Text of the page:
At the beginning of a new year and decade, property’s leading lights reveal their hopes, expectations and resolutions for 2020 in the first of a two-part special running over the next two weeks.
Chairman, James Andrew International
We have a strong government for the first time in many years and it now looks like the UK will have a withdrawal agreement agreed early in 2020. This would mean the government has to agree the exit deal before the end of the year, which is a tight timetable, but could happen.
For the industry, this may have interesting consequences. The pound has already strengthened against the US dollar and the euro, which has made property more expensive for inward investment, but the certainty around Brexit should ensure that the demand is not diminished.
So what will happen? There remains a significant weight of overseas money, particularly from the Far East, looking for prime investment property, which with limited stock available may strengthen prices. This will disappoint those hoping for a post-Brexit dip in prices.
For the letting market, with a shortage of speculative schemes in central London, office rents should stay strong. Retail will remain weak across the UK while rentals fall to match demand.
It is likely there will be further casualties on the high street. In the residential markets, against expectations, prices began to recover in 2019 and I expect to see this recovery continue. This will depend on whether further SDLT changes take place as any taxation increase could damage this fragile recovery.
I expect interest rates to remain steady internationally throughout the coming year although rampant inflation, should import prices begin to rise, could force the chancellor to take action. Any rise in interest rates is unlikely to be by more than 0.5% as it will damage the economy. Inflation is usually good for the property market; interest rate rises on the other hand are not.
My half glass is now full, following Boris’s victory. Bon chance and happy new year.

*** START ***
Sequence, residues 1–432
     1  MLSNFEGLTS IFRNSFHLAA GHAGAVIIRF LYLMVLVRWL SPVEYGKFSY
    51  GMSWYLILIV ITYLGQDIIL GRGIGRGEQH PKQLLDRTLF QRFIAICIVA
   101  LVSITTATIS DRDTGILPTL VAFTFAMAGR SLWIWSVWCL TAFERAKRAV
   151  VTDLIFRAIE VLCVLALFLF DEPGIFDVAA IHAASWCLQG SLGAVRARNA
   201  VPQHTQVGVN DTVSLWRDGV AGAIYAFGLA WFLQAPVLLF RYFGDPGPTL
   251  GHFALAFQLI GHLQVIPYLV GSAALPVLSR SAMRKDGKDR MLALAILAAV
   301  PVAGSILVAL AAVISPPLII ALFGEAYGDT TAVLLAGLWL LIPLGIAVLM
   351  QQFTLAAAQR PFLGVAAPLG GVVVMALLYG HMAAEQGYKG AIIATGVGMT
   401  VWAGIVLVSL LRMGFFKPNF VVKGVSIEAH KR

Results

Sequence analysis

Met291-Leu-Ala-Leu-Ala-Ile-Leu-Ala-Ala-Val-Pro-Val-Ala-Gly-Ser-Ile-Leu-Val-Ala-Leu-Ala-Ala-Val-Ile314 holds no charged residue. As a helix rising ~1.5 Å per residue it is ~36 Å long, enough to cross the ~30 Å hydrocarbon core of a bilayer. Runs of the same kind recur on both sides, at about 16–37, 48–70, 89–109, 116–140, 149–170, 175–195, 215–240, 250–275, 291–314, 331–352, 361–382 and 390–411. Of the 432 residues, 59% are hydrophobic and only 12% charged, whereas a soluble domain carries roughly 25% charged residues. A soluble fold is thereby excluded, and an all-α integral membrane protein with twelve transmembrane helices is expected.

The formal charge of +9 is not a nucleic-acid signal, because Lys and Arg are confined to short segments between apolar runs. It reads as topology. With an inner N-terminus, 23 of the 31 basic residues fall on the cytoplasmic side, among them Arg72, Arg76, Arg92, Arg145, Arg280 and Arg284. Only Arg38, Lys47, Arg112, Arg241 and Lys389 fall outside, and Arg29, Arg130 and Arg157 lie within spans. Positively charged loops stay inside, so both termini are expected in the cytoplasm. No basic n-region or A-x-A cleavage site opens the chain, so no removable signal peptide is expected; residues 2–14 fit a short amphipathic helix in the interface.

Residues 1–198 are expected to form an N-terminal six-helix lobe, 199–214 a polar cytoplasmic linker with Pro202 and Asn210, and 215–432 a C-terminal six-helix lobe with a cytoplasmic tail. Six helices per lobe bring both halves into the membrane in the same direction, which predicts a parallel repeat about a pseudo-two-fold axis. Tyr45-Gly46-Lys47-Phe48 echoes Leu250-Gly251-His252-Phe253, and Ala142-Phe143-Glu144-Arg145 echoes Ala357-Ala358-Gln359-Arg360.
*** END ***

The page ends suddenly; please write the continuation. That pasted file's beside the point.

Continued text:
Head of UK and Ireland, Cushman & Wakefield
In 2020, I hope that our industry embraces the immense opportunities that are coming from the unrelenting pace of technology change and from changing consumer needs, not least the demand for the built environment to provide an effective response to climate change.
Three key themes will increasingly influence investor and occupier decision-making in 2020. The first will see our sector recognise the importance of really getting under the skin of the experience required by end users. While this will transcend sectors, offices and retail will be the most affected and successful owners will be seen as enablers of performance. The second is the use of technology, data and smart analysis to drive more evidence-based decision-making. Finally, the objective of carbon neutrality by 2050 will require investors to start planning in pathways to reach that target. We can further expect more and more occupiers to seek evidence of such pathways in their demands.
Resolutions: My resolution for 2020 is to truly believe that – after 30 years – Jürgen Klopp will finally deliver the Premier League back to Anfield. For the sake of my wife and children, I also resolve to stand more than six inches away from the TV screen while on our journey to the end of the season!
Senior partner and group chairman, Knight Frank
My hope is for a clear political agenda for the UK that re-establishes our credibility in the global environment and re-energises the residential and investment real estate markets. I also hope we develop a better solution for affordable homes and the UK high street.